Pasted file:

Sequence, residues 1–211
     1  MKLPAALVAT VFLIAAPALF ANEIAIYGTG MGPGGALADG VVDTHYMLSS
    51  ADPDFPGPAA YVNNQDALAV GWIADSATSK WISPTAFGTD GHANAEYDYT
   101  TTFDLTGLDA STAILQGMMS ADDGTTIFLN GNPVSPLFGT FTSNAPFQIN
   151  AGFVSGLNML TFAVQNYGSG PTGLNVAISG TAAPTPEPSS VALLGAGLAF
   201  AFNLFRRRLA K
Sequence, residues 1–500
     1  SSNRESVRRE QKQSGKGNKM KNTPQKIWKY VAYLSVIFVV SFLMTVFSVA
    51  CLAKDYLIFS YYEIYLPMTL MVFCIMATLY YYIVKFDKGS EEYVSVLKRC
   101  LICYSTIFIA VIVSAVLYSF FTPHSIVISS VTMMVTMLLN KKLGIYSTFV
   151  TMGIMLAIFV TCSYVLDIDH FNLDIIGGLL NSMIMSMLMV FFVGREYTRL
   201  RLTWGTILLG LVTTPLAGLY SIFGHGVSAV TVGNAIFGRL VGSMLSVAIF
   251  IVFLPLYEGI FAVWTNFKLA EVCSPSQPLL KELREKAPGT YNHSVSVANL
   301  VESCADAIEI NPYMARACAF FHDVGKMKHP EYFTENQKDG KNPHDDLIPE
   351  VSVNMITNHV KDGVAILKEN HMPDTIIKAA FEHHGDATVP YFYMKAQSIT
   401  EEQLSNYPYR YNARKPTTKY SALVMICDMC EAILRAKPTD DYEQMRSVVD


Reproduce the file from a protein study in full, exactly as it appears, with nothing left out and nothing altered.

Sequence, residues 1–211
     1  MKLPAALVAT VFLIAAPALF ANEIAIYGTG MGPGGALADG VVDTHYMLSS
    51  ADPDFPGPAA YVNNQDALAV GWIADSATSK WISPTAFGTD GHANAEYDYT
   101  TTFDLTGLDA STAILQGMMS ADDGTTIFLN GNPVSPLFGT FTSNAPFQIN
   151  AGFVSGLNML TFAVQNYGSG PTGLNVAISG TAAPTPEPSS VALLGAGLAF
   201  AFNLFRRRLA K
Sequence, residues 1–500
     1  SSNRESVRRE QKQSGKGNKM KNTPQKIWKY VAYLSVIFVV SFLMTVFSVA
    51  CLAKDYLIFS YYEIYLPMTL MVFCIMATLY YYIVKFDKGS EEYVSVLKRC
   101  LICYSTIFIA VIVSAVLYSF FTPHSIVISS VTMMVTMLLN KKLGIYSTFV
   151  TMGIMLAIFV TCSYVLDIDH FNLDIIGGLL NSMIMSMLMV FFVGREYTRL
   201  RLTWGTILLG LVTTPLAGLY SIFGHGVSAV TVGNAIFGRL VGSMLSVAIF
   251  IVFLPLYEGI FAVWTNFKLA EVCSPSQPLL KELREKAPGT YNHSVSVANL
   301  VESCADAIEI NPYMARACAF FHDVGKMKHP EYFTENQKDG KNPHDDLIPE
   351  VSVNMITNHV KDGVAILKEN HMPDTIIKAA FEHHGDATVP YFYMKAQSIT
   401  EEQLSNYPYR YNARKPTTKY SALVMICDMC EAILRAKPTD DYEQMRSVVD